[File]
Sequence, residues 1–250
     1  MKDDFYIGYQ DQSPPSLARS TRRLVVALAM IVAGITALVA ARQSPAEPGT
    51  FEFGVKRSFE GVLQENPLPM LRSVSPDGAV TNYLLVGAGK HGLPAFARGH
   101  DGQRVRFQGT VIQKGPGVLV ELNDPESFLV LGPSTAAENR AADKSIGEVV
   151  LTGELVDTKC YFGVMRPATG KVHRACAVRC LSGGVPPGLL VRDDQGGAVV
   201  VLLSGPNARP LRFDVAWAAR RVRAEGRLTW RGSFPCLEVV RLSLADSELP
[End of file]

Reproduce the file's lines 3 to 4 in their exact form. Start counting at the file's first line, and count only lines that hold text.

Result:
    51  FEFGVKRSFE GVLQENPLPM LRSVSPDGAV TNYLLVGAGK HGLPAFARGH
   101  DGQRVRFQGT VIQKGPGVLV ELNDPESFLV LGPSTAAENR AADKSIGEVV